Interestingly, video isn’t just good on its own. Syndacast also found that using the word “video” in an email subject line boosts open rates by 19%, click-through rates by 65% and reduces unsubscribes by 26%.
I recently purchased a Cowboy Studios backdrop support kit from Amazon.com. The kit arrived with a broken knob on one of the adjustment screws. It looked like it was damaged in shipment but it is hard to say for sure. Amazon’s customer service has always impressed me but I had a shoot coming up and didn’t want to have to exchange the whole kit so I contacted Cowboy Studios directly. They agreed to send me just the broken part so I could fix it myself.
When I experience good customer service I like to share the story. Stuff happens in shipping and sometimes a product gets out the door from the manufacturer with a missed defect. If it happens a lot I tend to not return to that supplier. If it happens once, as in this case, I view it as a chance for the supplier to earn my loyalty through their support. Cowboy Studios came through with flying colors.
If you don’t know them, Cowboy Studios is a supplier of affordable photo and video accessories including lighting, stands, backdrops and more. The products aren’t over-priced like the major brands but are a little more expensive than some of the no-name brands. In my opinion, the small difference in price compared to the direct importers is worth it because Cowboy Studios is based in Texas and has real support people that you can call or email and get quick service without a lot of hassle. They also usually offer two flavors of their products, a basic version and a heavy duty version. For something that will remain in the studio and not be adjusted a lot, the basic version is a great way to save money and still get the functionality you need. For something that will be adjusted constantly or taken on the road, the heavy duty version is more robust and will stand up better over time while still being pretty affordable. Sometimes there are other differences as well. With the backdrop support systems, for example, the heavy duty version is available with crossbars as wide as 20 feet while the basic version comes as wide as about 10 feet.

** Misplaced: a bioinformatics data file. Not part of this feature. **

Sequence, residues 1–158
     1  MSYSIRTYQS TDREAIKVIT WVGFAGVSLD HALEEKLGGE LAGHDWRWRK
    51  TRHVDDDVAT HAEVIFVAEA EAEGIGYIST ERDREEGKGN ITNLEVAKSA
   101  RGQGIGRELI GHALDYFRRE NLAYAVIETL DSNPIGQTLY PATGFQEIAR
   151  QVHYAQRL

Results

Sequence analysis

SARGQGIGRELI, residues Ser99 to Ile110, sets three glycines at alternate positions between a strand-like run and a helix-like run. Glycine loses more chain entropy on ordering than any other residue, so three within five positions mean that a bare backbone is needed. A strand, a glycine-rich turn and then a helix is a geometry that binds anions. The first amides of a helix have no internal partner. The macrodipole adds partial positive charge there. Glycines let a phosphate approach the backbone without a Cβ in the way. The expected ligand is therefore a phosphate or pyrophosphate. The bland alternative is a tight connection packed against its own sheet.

I also have a folding green/blue screen from Cowboy Studios and have it used it on several projects. I’m interested to see they now offer a variety of backdrops in the same pop out format.
Continuing on theme of key moments and using change to draw the viewer in, have a look at this T-Mobile UK ad:
Note the use of the Dire Straits “I want my MTV” and how things change at the points where Mark Knopfler’s guitar kicks in at around 1:34. Then see the changes in the characters. Did you feel the tension building? Did you know a major change was coming with that music change? A well done ad in my opinion.
Last time I wrote about success storytelling. I made a 12 minute video explaining my thoughts on success story videos. If you’ve made hundreds of success story videos I think you’ll find much of this to be basic but you may find the focus on key moments useful. If you’ve never made a success story video you will want to watch the whole thing and then go look at some good success stories on various company websites or YouTube channels.
In addition to watching the video here or on YouTube, you may also want to learn a lot more about what I call key moments. Norman Hollyn wrote a wonderful book called “The Lean Forward Moment” in 2009 that goes into much more detail on this concept and how you can use it in everything from commercials to feature films.
The most successful success stories follow a simple formula. Most experienced producers of success stories have a standard set of questions they aim to answer in the video. They usually look something like this:
• How was it before?
• What made you decide to change?
• Who helped you?
• What did you do?
• What was the result?
You may use more or fewer questions and you may ask them a little different than I’ve shown here but we all use some basic form of these to show why it needed changing, who and what created the change and how good things are because of the change. We try to put this in business terms,not technical jargon or product specific words.
The most successful stories pair this approach with an equally good production plan. Each change that is highlighted in an answer to a question is a good place for using motion, sound or transitions and effects to draw the viewer in. A few changes will be the most important and deserve the most consideration in terms of B-roll, sound and effects possibilities. Maybe the solution brought the client or their customers from misery to delight. Show that with the right mood change as you tell the story. In the “Who helped you?” question, maybe the answer is an excellent partner. How about using B-roll and a lower third to introduce a person or people from that partner meeting with the customer to make them real and show their commitment to helping their customer?
As always, timing is everything. Make the cuts and effects happen on the beat unless you have a specific reason for going off the beat. Leave titles and lower thirds on-screen long enough to be read two to three times. All the standard good practices still matter but the extra part, the special sauce in the best success stories is tying your editing to the changing moods and situations of the story.